Continue reading...

Graphene Layer Quadruples Rate of Condensation Heat Transfer

June 1, 2015

3 Comments

Graphene Quadruples Rate of Condensation Heat Transfer

New research from MIT shows that a graphene layer one atom thick could quadruple rate of condensation heat transfer in generating plants. Most of the world’s electricity-producing power plants — whether powered by coal, natural gas, or nuclear fission — make electricity by generating steam that turns a turbine. That steam then is condensed back […]

Continue reading...

CLAIRE – A New Breakthrough Technique for Non-invasive Nano-scale Imaging

May 26, 2015

0 Comments

Scientists Develop New Technique for Non-invasive Nano-scale Imaging

Researchers have developed a new non-invasive nanoscale imaging technique that allows them to convert electron microscopy into a non-invasive imaging modality for studying soft materials and providing spectrally specific information about them on the nanoscale. Soft matter encompasses a broad swath of materials, including liquids, polymers, gels, foam and – most importantly – biomolecules. At […]

Continue reading...

Cell-Squeezing Device Opens New Possibilities for Cell-Based Vaccines

May 22, 2015

0 Comments

Cell Squeezing Device Opens New possibilities for Cell-Based Vaccines

A newly published study details how researchers from MIT developed a new microfluidic cell-squeezing device, opening new possibilities for cell-based vaccines. MIT researchers have shown that they can use a microfluidic cell-squeezing device to introduce specific antigens inside the immune system’s B cells, providing a new approach to developing and implementing antigen-presenting cell vaccines. Such […]

Continue reading...

New High Speed Roll-to-Roll Manufacturing Process for Graphene

May 21, 2015

0 Comments

High Speed Roll to Roll Manufacturing of Graphene

Engineers from MIT and the University of Michigan have developed a new manufacturing process that could help bring graphene and other 2D materials to commercial products. Graphene is a material with a host of potential applications, including in flexible light sources, solar panels that could be integrated into windows, and membranes to desalinate and purify […]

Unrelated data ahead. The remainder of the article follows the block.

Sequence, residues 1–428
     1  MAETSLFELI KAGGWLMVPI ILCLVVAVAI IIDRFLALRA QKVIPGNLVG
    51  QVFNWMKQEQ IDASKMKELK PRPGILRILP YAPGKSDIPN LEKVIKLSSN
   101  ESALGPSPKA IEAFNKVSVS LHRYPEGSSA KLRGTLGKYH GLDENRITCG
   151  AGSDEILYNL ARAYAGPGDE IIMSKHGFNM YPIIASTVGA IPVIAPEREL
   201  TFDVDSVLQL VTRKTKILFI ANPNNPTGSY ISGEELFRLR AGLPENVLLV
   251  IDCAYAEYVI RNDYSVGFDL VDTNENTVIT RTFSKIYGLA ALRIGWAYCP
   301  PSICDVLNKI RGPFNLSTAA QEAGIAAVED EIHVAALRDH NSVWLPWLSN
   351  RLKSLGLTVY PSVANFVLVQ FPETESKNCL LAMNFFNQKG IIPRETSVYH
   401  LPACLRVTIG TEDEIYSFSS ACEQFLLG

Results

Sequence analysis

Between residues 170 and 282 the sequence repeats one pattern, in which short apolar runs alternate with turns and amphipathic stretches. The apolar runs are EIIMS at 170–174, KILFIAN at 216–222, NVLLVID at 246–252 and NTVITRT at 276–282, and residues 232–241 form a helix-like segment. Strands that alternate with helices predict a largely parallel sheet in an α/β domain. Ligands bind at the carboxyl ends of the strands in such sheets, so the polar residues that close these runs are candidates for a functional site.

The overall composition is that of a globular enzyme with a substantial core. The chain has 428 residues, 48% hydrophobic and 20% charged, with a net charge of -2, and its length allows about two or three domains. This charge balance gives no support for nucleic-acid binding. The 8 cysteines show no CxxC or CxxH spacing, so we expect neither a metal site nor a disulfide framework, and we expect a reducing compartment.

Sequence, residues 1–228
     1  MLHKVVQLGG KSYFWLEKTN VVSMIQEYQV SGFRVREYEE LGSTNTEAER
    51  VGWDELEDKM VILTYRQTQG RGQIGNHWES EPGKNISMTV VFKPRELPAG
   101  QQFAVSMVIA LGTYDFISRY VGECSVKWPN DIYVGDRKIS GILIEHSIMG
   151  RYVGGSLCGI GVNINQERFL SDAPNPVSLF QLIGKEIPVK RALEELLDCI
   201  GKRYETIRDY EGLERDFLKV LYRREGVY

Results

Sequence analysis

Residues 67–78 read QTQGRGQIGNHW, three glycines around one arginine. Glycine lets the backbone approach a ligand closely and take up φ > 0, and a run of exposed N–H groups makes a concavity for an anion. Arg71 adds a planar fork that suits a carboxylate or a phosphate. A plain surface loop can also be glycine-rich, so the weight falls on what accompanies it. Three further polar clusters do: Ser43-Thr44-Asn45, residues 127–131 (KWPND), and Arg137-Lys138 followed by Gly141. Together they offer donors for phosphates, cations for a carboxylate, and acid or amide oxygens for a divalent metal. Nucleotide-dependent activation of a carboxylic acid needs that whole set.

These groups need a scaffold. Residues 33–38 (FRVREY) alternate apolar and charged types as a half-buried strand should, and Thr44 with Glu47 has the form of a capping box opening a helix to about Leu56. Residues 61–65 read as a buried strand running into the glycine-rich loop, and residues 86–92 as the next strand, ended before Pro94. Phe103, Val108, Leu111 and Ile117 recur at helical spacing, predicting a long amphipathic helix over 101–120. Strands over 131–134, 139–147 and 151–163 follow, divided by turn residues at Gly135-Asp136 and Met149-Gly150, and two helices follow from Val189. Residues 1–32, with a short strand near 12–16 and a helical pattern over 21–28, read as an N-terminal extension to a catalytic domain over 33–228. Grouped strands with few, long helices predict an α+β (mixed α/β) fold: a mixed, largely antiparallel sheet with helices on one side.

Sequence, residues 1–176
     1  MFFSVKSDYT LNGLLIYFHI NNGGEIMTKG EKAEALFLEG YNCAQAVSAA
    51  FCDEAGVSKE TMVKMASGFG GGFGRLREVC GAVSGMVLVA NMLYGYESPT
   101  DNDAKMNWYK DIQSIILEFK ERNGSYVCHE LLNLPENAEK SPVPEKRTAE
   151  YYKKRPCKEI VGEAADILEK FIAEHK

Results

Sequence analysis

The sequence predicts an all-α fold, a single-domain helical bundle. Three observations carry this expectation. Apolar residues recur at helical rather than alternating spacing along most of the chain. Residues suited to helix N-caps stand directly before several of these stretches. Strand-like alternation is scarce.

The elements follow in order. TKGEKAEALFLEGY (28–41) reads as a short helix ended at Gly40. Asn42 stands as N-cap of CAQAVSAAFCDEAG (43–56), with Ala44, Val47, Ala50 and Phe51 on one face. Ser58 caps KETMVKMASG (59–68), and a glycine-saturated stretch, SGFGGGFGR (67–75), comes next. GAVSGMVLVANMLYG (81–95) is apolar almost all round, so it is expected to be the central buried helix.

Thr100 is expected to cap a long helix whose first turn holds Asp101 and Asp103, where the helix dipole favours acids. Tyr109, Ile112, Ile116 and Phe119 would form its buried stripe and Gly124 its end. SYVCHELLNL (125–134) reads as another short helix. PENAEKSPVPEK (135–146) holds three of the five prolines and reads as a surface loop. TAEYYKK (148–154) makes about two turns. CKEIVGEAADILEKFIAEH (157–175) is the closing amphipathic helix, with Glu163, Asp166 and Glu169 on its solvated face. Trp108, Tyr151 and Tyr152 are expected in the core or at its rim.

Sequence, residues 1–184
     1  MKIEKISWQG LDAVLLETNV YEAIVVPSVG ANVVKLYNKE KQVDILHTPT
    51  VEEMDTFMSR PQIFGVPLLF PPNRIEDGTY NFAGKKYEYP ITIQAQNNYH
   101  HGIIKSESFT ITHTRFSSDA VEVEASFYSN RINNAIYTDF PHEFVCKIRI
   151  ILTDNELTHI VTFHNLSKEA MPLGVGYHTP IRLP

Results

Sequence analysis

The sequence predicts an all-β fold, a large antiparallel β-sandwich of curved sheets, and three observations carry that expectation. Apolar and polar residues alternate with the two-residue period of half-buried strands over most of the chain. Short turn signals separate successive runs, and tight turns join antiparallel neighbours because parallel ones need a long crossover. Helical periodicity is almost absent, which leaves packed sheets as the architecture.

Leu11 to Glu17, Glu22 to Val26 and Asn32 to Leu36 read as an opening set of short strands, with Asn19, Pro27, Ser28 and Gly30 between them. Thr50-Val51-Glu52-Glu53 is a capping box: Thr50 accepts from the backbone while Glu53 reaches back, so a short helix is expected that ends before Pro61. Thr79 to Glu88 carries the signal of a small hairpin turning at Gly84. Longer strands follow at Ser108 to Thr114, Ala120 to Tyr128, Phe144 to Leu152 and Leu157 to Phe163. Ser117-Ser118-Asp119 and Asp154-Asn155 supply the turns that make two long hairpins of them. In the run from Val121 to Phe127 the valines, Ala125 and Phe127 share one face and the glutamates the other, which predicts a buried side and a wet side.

Continue reading...

Researchers Control Light Emission by Pairing Exotic 2D Materials

May 20, 2015

0 Comments

Researchers Control Light Emission by Pairing 2D Materials

By applying a DC voltage to layers of graphene and boron nitride, researchers have demonstrated the ability to control light emission from a nearby atom. Researchers have found a way to couple the properties of different two-dimensional materials to provide an exceptional degree of control over light waves. They say this has the potential to […]

Continue reading...

How Bombardier Beetles Produce an Explosive Chemical Jet

May 1, 2015

0 Comments

How Bombardier Beetles Produce an Explosive Defensive Chemical Jet

An newly published study form MIT reveals how bombardier beetles superheat liquid and expel it in an intense, pulsating jet as a defensive mechanism. Bombardier beetles, which exist on every continent except Antarctica, have a pretty easy life. Virtually no other animals prey on them, because of one particularly effective defense mechanism: When disturbed or […]

Continue reading...